Rent Is Due. But Thousands Of Texans Have Lost Their Jobs Because Of The Coronavirus Pandemic.

Evictions across the state are halted until at least April 20, thanks to a Texas Supreme Court moratorium. But both renters and landlords are worried about what comes next.

By Naomi Andu and Stacy Fernández

It’s the first of the month, which means that for millions of Texans, the rent is due.

But much has changed since a month ago. Thousands of people have lost their jobs as the COVID-19 pandemic has shut down businesses across the state. Many more have taken pay cuts. Now, renters who can’t pay and landlords who are losing rent money are both worried about how they’ll make ends meet.

Most evictions are halted across the state until at least April 20, thanks to a Texas Supreme Court order, but landlords are still posting notices to vacate and threatening to kick out renters after the moratorium elapses, Zoe Middleton of Texas Housers said.

“[Rent notices] change in tones, but they are all pretty insistent on the fact that rent is due and you will be not living there if you don’t pay,” said Middleton, the southeast director of the affordable housing advocacy organization.

Some cities and counties have opted to ban evictions for even longer than the Texas Supreme Court has ordered. Austin has instituted a 60-day grace period, and the Dallas City Council may follow suit. Earlier this month, Dallas County Judge Clay Jenkins halted evictions through May 18. Harris County Judge Lina Hidalgo suspended them through the end of March and signaled she was prepared to extend the ban past April 20 if the state didn’t act first.

But an eviction moratorium isn’t a cure-all. Tenants are still worried about racking up late fees in the meantime and having to back pay several months of rent when the state and city orders lift.

Whether the Supreme Court, city councils and county judges can go beyond eviction moratoriums and forgive owed rent is unsettled, but that is likely beyond their authority. Austin City Council member Greg Casar said in a tweet that although “the City, by law, cannot waive rent agreed to in a private contract,” there are other remedies available.

“The new law buys everyone valuable time,” Casar tweeted, referring to Austin’s grace period. “In 60 days, some families will recover. Others won’t. That’s why we’re working on a big rental assistance program in coming days to support the new law [and] fight to ensure no one loses their home.”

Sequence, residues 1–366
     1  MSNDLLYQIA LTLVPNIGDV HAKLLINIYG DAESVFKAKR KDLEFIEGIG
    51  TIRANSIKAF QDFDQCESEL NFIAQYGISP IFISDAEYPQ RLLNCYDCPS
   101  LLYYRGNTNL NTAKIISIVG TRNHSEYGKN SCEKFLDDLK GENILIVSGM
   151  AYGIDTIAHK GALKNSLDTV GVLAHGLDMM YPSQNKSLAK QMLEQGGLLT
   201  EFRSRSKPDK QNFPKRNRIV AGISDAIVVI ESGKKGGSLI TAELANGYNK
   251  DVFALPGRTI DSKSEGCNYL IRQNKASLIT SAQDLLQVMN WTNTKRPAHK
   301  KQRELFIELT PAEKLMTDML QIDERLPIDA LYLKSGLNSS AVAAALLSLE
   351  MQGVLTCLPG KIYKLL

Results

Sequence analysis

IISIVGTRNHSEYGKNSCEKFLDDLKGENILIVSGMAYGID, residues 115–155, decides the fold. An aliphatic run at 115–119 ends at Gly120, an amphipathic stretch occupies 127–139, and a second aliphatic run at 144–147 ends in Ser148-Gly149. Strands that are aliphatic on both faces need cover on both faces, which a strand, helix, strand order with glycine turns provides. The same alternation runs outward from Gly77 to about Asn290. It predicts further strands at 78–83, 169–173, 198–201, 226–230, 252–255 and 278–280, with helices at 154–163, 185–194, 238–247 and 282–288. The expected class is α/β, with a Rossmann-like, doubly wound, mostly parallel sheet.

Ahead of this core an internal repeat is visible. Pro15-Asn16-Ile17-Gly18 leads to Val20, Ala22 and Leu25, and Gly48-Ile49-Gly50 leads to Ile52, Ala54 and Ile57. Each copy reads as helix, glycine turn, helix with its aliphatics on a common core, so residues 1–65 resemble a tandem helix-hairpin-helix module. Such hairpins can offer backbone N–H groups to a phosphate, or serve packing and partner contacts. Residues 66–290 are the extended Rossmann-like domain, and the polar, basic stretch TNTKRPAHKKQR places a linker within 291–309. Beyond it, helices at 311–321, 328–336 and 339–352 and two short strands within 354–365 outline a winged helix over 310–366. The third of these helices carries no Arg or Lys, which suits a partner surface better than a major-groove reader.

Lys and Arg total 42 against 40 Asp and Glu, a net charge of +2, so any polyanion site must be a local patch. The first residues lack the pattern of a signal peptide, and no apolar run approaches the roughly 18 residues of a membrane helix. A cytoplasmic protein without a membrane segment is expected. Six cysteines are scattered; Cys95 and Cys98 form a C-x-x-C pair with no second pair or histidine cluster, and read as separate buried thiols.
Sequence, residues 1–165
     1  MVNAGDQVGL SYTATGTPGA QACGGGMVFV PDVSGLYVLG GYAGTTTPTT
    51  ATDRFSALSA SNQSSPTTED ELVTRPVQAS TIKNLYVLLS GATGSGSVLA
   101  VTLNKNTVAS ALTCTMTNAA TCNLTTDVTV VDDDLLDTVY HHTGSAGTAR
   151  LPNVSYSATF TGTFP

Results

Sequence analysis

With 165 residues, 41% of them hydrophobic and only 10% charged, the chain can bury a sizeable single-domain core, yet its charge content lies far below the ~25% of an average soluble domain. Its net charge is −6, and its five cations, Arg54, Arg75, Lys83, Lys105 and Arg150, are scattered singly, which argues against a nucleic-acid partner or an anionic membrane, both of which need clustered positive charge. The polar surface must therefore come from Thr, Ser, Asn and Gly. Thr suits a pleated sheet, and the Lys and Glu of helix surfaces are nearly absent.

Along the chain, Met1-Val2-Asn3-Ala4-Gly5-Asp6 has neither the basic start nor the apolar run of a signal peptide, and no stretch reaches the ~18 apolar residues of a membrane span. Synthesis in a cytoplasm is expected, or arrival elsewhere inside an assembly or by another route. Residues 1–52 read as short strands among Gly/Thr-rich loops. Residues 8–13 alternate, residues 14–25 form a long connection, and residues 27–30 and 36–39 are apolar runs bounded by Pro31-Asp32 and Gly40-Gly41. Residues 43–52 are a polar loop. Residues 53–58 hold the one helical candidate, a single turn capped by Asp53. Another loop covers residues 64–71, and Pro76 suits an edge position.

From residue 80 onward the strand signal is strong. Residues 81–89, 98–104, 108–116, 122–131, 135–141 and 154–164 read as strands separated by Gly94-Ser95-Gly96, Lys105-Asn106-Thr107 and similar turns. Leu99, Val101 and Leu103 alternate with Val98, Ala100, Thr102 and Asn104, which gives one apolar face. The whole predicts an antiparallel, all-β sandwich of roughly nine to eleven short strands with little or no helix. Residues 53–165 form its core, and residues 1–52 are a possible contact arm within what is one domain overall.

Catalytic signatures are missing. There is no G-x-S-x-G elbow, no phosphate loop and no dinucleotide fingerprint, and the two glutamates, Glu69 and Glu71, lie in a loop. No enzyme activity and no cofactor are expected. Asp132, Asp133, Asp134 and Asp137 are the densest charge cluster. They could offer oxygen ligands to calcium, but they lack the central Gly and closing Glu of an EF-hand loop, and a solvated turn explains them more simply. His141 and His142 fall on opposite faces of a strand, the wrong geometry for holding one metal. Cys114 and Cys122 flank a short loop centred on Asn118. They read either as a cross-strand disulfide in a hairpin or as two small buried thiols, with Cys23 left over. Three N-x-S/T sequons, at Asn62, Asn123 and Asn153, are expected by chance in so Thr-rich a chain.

Grand Prairie resident Vincent Garza said people will need more time to pay rent. Garza was a week into his new job as a graphic designer for a screen-printing company before he got laid off. Soon after, his girlfriend’s realty job dried up.

The money they have saved will barely be enough to pay this month’s rent. He’s hoping his apartment complex will reduce his rent temporarily or let him roll over missed payments to future months once the job market stabilizes.

“I heard the neighbors the other day arguing about not having money either, so people are having trouble paying their rent for sure,” Garza said.

Sandy Rollins, executive director of the Texas Tenants’ Union, said she’s hopeful the governor will implement the same 60-day grace period Austin has on a statewide level as soon as possible or that other cities will take action to follow suit.

Gov. Greg Abbott did not respond to a request for comment.

Texans in need of assistance can apply for nonprofit or government rent assistance programs, but the timeline on when that money will come through can vary.

Even with an evictions moratorium, landlords can still post notices to vacate and file with the court. The Supreme Court’s order means the process is frozen at that stage until at least April 20. Until a tenant loses an eviction hearing and is removed by a constable, which won’t happen until April 27 at the earliest, the tenant can remain in the home.

“Texas is an extremely landlord-friendly state. Tenants deserve basic rights and basic protections in the name of fairness and right now in the name of public health,” Rollins said.